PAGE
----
[coyotos-dev] Need for revised invocation
Jonathan S. Shapiro
shap at eros-os.org
Mon Feb 6 11:53:26 EST 2006
Initially, I did not understand what you mean when you say "resumption
is not preemption". Your "infinite processors" test did finally clarify
it for me: resumption is the special case of preemption in which, if you
had an infinite number of processors, you never need to unload and
reload their state.
But having said that, you go on to agree that there exist *some* idioms
requiring preemption -- notably event loops -- that are okay. This
suggests to me that there is a more subtle issue hiding here that is
ultimately an aesthetic judgment. I suspect that we actually agree about
that judgment and we are arguing about a difference in implementation.
Specifically: you do not really address the kernel vs. user threading
>From the perspective of mechanism, kernel-implemented preemption and
user-implemented preemption are essentially similar. In the kernel
thread case, the thread is halted by the kernel and the kernel resumes
some other thread. Similarly, in the user-mode thread case, the
activation handler interrupts one user-mode thread and may elect to
resume a second one. In the kernel case, the kernel is aware of
preemption but the application need not be. In the activation handler
case, the activation handler is aware of preemption but the user-mode
"worker" threads need not be.
Because the mechanisms are essentially identical, I do not believe that
the user-mode case should be viewed as qualitatively different from the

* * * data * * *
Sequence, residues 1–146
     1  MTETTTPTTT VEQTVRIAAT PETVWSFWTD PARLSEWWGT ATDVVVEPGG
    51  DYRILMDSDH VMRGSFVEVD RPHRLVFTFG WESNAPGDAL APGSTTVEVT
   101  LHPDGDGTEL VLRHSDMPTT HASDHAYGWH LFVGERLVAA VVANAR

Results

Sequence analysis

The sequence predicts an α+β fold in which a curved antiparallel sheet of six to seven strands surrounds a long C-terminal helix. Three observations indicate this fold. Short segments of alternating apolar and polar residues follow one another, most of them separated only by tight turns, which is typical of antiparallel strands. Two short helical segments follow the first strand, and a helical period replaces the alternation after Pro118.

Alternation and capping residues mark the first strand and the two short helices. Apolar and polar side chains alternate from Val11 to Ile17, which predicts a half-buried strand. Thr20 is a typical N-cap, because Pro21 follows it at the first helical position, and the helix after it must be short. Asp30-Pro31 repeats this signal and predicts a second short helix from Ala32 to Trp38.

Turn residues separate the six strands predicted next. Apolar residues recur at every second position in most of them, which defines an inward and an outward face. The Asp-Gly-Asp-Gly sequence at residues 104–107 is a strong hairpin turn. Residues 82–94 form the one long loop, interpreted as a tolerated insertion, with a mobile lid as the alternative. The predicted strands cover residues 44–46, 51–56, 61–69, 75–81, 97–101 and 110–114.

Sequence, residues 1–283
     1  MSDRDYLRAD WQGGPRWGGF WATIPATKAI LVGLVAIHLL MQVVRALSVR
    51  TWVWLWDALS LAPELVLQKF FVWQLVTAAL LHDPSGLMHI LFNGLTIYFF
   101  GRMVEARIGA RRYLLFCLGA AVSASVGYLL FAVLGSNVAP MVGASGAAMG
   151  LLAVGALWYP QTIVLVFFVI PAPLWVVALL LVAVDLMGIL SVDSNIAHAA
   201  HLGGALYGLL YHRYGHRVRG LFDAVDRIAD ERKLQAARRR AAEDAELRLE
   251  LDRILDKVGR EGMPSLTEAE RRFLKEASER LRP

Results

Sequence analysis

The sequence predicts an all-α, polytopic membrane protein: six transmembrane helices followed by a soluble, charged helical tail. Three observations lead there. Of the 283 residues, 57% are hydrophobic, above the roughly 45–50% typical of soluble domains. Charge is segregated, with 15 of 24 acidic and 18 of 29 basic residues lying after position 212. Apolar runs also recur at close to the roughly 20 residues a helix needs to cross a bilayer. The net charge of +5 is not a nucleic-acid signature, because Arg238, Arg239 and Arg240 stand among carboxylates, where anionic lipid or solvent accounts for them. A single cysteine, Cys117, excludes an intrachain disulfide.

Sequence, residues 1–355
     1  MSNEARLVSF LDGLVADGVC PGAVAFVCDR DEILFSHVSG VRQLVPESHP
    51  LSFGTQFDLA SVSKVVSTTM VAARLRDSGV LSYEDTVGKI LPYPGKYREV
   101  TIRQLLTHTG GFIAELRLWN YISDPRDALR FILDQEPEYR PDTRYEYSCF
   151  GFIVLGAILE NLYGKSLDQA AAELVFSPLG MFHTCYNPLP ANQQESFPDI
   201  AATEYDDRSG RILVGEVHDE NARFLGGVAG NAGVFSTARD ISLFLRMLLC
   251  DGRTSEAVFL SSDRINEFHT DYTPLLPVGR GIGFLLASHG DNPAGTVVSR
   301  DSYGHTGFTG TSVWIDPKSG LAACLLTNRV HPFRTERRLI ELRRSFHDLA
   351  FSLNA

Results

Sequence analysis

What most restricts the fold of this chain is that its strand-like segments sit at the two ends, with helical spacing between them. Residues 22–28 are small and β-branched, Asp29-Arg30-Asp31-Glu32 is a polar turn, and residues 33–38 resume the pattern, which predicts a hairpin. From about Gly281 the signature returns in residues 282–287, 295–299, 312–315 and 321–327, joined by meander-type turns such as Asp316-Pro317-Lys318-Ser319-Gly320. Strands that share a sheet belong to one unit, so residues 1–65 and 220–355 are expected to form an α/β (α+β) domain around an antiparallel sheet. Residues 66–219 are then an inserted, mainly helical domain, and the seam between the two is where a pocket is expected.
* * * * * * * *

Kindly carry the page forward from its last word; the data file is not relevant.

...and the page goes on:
kernel-mode case. Concurrency is certainly tricky and error prone, but
this is orthogonal to whether the concurrency is managed at kernel level
or user level. It seems to me that any argument concerning preemption
must apply co-equally in both cases.
I believe we agree that in the absence of a compelling requirement,
awareness of preemption should exist only within the runtime system.
What we are really debating is whether the line between application and
runtime should be at the user/supervisor boundary or someplace else.
There are compelling performance arguments that it should not be
restricted to the user/supervisor boundary.
Unfortunately, there exist applications with a compelling requirement:
multimedia applications. These applications absolutely MUST know when
certain preemptive events occur -- notably the start of their guaranteed
scheduling slot. They need to know this because they require the ability
to synchronize their processing behavior to external events. A second
example is high-speed network stacks. In both cases, the incoming event
will be "posted" to an application-level event loop for later
processing. The main difference vs. pure event-driven processing is that
a global variable will get set by the runtime indicating that a
high-priority event has arrived, and some of the event handlers may poll
this variable and voluntarily abandon their work.
More information about the coyotos-dev